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Colors and Shields

Princeton's Colors: The Orange and the Black

orange-black-ribbon
Class of 1870 ribbon, the earliest extant use of orange and black. Courtesy of Princeton University Archives

The evolution of Princeton's colors began in 1866. That year, George Ward, a member of the Class of 1869, proposed the color orange in reference to the Prince of Orange, William III of the House of Nassau. The first recorded use of orange was in 1867, when the Class of 1869 Baseball Club wore Ward's orange ribbon badges with "'69 B.B.C." Faculty approval followed in 1868, when students were permitted "to adopt and wear as the College Badge an orange colored Ribbon bearing upon it the word 'Princeton.'"

Orange and black followed in 1873. William Libbey Jr., a member of the Class of 1877, wore a necktie advertised as bearing "The Duke of Nassau's colors" on a dare from classmate Melancthon Jacobus. In 1874 Libbey arranged for the manufacture of 1,000 yards of orange and black ribbon for the freshman crew's hatbands at an intercollegiate regatta in Saratoga, New York, and offered it for sale in Saratoga's Grand Union Hotel as "Princeton's colors." When the Princeton freshmen won the first race, every inch of ribbon sold.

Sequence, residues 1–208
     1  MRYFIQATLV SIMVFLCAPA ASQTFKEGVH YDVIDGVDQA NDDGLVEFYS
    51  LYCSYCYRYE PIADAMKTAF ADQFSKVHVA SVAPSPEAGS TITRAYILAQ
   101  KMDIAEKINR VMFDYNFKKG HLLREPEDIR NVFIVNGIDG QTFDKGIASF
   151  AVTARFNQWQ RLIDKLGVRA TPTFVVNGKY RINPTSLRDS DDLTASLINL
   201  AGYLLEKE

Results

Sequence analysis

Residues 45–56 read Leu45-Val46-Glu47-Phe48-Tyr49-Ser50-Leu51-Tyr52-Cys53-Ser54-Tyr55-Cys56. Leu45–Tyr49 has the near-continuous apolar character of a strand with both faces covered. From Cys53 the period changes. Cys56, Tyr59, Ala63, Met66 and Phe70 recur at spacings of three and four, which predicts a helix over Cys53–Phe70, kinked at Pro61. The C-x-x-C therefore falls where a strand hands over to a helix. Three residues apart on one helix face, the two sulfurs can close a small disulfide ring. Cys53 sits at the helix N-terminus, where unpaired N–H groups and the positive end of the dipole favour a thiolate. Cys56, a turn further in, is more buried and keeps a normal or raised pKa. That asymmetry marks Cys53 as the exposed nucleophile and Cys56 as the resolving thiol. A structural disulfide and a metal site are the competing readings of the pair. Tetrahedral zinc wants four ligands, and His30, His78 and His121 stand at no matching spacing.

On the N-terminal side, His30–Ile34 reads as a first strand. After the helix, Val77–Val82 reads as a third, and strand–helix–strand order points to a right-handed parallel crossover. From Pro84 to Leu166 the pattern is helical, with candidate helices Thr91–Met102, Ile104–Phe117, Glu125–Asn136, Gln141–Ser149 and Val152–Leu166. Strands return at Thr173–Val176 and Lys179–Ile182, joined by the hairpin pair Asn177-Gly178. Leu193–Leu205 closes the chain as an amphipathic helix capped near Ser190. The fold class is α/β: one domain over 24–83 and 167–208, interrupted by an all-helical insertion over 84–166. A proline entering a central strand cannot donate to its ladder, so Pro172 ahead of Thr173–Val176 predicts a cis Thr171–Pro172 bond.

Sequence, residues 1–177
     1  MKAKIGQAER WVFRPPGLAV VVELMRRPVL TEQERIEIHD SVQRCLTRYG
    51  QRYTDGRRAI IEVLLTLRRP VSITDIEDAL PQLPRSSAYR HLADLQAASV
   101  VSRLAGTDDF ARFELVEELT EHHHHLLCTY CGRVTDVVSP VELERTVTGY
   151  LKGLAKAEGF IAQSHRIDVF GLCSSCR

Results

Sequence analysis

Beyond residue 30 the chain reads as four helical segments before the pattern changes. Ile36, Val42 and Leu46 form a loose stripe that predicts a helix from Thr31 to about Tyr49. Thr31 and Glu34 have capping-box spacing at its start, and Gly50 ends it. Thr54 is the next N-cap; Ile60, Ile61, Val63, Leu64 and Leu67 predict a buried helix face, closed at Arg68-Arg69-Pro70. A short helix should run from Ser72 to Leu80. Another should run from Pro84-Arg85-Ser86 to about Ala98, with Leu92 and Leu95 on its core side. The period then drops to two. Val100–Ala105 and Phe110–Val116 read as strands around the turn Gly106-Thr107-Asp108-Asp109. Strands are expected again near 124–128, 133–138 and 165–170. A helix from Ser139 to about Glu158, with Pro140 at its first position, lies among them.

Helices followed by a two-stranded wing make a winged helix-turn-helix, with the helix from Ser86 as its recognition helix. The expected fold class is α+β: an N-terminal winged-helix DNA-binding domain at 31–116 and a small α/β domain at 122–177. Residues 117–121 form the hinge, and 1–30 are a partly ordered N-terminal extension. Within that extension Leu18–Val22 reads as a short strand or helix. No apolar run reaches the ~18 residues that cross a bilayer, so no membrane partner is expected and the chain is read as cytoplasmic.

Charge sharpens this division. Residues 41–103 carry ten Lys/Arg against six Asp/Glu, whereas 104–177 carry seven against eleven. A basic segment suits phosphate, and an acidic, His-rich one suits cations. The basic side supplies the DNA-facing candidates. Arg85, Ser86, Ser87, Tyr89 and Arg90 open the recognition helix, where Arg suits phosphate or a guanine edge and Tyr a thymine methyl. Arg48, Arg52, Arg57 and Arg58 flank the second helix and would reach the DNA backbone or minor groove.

In 1888 "The Orange and the Black," written by Clarence Mitchell of the Class of 1889 to a tune arranged by Ernest Carter of the Class of 1888, further endorsed the colors. In 1896, when the College of New Jersey celebrated its 150th anniversary, the trustees changed its name to Princeton University and adopted orange and black as the official colors — despite the objection of Professor Allan Marquand of the Class of 1874 that orange and blue, the true colors of the House of Nassau, were preferable.

Stephen Voorhees, of the Class of 1900, an architect and trustee emeritus, discovered that there was no reference standard for Princeton orange. Drawing from a sample of bunting used to welcome Queen Juliana of the Netherlands in 1941, Voorhees dyed a piece of silk to be the official Princeton Orange, now standardized as Pantone(r) 158.

The Princeton University Shield

Princeton University Shield
This version of the Princeton shield can be found on the Bicentennial Banner, which has been used at Commencement, Alumni Day and other ceremonies since 1947.

Princeton's shield is adapted from the central image of the University Seal, the corporate signature of the trustees that is embossed on diplomas and printed on official documents. The shield depicts an open Bible inscribed with VET NOV TESTAMENTUM, to signify the Old and New Testaments, above a chevron that represents the rafters of a building. An optional ribbon below the shield bears the University motto, DEI SUB NUMINE VIGET, or "Under God's power she flourishes."

In 2007 the shield was redrawn as part of the University's new graphic identity (shown below), which included the adoption of specific typographic treatments of the University's name and shield ("signature") using the typeface family Princeton Monticello derived from an 18th-century American typeface, Monticello.

PU signature